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  • AJ Cheponis

How to write a job description

Updated: Jun 21

Building a winning job description is the foundation of great hiring. After all, this may be the first impression a potential candidate is going to have of your company. Get it right, and they’ll apply. Get it wrong, and you may have lost a great candidate.


Writing a job description that leads to a great hire takes more than researching similar job postings or editing your past job listings. A winning job description is constructed in a way that speaks to the job seeker, includes a job title that accurately conveys what the position is, and sums up what’s required to be successful in the role.


Here are a few best practices for writing a job description that will attract top candidates:


Be specific with responsibilities and duties.


When it comes to writing job descriptions, less is more. Approximately 45% of job seekers are searching on their mobile device.


A good rule of thumb is to keep job responsibilities between five and seven real items of ownership. If the job can’t be distilled down via the “5-7 rule,” chances are either the job is too big or the responsibilities being listed go beyond real areas of ownership.


This practice also encourages inclusivity. A Hewlett Packard internal report once showed that men will apply to a job if only 60% of the job requirements apply to them, whereas women will apply when they are confident they could complete 100% of the job responsibilities. By paring down your job description to the essentials, you not only improve the search for mobile job seekers, but you level the playing field for candidates.



Focus on the most essential qualifications and skills.


In the practice of shortening your job description, you’ll want to focus on the most essential qualifications and skills for the role.


Often we list qualifications that are “nice to have” as necessities. However, if your work environment is receptive to people learning on the job (which most companies can and should be), requirements should truly be requirements. For example, if you need a Salesforce admin, then knowing Salesforce is a requirement. But if it’s a software you’re looking to implement in the future—and the person has time to train on it—don’t list it as a requirement.


The other qualification we tend to see that’s limiting with job descriptions is years of experience. If you’re looking for someone with seven years of experience in a particular role, you’re really limiting your search. If that’s a requirement, then include it, but what you might need to look at instead of years of experience if depth of experience. Do they have a strong record of performing the key job responsibilities? If so, they could be a strong candidate for your company.


Incorporate behavioral and cognitive traits required for the role.


Different types of jobs require different behavioral traits. For positions that require more compliance, such as certain HR or finance roles, you’ll want to hire someone who pays more attention to detail and does things by the book. However, if you’re hiring a BDR , you’ll want someone who’s more outgoing, ambitious, and persistent. Including these traits in your job description will help you to find someone who’s a good behavioral match for the job duties.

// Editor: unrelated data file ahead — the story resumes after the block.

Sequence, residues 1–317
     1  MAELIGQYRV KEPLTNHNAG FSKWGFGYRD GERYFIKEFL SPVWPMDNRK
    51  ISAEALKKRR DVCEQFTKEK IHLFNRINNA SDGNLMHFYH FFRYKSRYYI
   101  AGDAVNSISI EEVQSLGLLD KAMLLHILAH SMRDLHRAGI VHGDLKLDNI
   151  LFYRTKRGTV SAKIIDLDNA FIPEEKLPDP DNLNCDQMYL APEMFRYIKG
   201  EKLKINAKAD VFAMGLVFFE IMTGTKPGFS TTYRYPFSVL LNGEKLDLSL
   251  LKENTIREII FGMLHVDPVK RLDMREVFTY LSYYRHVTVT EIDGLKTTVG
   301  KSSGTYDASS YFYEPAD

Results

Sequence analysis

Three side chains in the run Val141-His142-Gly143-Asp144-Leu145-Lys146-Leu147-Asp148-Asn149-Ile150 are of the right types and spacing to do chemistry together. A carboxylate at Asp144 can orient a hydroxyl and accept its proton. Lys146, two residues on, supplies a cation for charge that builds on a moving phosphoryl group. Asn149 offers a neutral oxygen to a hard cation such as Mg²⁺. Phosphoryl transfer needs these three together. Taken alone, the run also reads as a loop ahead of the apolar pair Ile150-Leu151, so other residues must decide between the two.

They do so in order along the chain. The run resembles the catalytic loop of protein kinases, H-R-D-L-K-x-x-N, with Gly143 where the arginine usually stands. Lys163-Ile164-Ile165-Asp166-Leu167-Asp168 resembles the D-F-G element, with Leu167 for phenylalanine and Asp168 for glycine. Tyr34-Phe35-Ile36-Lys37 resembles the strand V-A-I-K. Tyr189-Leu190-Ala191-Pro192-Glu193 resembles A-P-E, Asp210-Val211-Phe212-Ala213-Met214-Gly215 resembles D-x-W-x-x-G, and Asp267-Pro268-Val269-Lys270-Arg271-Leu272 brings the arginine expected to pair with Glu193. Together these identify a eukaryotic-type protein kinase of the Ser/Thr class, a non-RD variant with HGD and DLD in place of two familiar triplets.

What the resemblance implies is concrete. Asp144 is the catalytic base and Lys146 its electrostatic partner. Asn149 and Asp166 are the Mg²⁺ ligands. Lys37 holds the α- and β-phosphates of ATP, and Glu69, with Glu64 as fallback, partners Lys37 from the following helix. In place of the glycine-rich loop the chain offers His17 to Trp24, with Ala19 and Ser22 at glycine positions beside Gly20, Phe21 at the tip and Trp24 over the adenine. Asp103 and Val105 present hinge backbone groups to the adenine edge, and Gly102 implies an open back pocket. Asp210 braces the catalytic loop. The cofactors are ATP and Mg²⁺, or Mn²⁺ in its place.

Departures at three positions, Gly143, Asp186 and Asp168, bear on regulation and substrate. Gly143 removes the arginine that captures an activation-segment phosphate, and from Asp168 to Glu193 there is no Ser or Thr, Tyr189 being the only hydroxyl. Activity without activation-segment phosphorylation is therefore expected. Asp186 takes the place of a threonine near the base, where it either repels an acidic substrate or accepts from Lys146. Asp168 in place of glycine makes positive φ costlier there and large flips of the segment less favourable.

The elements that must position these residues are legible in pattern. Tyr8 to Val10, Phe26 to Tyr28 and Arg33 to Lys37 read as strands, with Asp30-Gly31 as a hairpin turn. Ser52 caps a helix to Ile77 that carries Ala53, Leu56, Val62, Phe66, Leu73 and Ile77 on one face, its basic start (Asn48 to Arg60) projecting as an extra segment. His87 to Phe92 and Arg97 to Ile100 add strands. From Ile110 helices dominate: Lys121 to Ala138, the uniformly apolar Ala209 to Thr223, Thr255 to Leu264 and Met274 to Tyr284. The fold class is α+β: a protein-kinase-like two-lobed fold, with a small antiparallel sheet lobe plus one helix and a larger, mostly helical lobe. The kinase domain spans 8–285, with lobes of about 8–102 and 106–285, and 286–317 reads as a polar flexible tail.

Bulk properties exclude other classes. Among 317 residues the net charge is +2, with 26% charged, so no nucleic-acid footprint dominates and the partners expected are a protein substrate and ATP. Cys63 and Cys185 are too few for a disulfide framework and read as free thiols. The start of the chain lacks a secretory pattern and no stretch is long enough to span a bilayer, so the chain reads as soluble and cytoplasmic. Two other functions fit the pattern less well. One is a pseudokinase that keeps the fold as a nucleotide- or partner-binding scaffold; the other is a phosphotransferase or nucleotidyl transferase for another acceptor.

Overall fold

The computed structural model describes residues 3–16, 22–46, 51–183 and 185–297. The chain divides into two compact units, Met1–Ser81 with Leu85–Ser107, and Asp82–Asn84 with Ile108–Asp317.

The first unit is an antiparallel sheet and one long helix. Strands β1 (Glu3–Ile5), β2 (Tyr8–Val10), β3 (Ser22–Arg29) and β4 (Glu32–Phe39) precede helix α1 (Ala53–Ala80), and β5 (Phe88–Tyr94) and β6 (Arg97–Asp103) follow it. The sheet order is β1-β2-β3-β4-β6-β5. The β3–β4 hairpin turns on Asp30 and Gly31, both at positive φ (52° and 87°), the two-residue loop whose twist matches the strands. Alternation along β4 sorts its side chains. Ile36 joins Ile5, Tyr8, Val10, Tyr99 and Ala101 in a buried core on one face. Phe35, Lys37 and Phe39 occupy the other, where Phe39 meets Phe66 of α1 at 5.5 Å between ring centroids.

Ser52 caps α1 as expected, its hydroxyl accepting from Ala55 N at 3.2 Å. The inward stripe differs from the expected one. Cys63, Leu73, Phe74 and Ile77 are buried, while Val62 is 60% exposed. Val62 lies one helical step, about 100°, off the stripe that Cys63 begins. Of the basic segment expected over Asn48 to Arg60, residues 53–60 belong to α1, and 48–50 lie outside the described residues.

Similarly, cognitive ability is one of the highest predictors of job performance. Cognitive requirements vary by role and by organization. If your company is in a hyper-growth phase or in a complex market, you will want to hire a candidate with higher cognitive abilities.


A cognitive assessment essentially tells you how quickly a candidate can learn and adapt—and that they’re proficient at processing complex information. If your organization is more stable, or a role is composed of repetitive job functions, your cognitive requirement might be lower. Use verbiage that communicates the pace and environment of your company to attract potential candidates that will be a good fit for your organization as well as the job itself.



Use keywords in the job description.


Writing a good job description is just the start. You want to make sure job seekers find your listing, too!


Including SEO keywords in the job description will help your job posting show up in search results. These keywords should also pique the interest of a candidate who may have viewed several similar jobs within the last hour.


Showcase your employer brand with consistency.


If each of your hiring managers is creating their own job description from scratch, you may be hurting your chances of attracting top candidates. Having a template that incorporates your company branding and consistent messaging about your organization helps job candidates to better connect with your brand, and it serves the added purpose of looking streamlined and put together.


When speaking about your company, keep it brief, but include any important information about your company culture, values, and perks. Do you offer remote work opportunities or flexible work hours? Do you have a great vacation policy or health benefits? These are worth adding into your job description to sell applicants on the benefits of working for your company.




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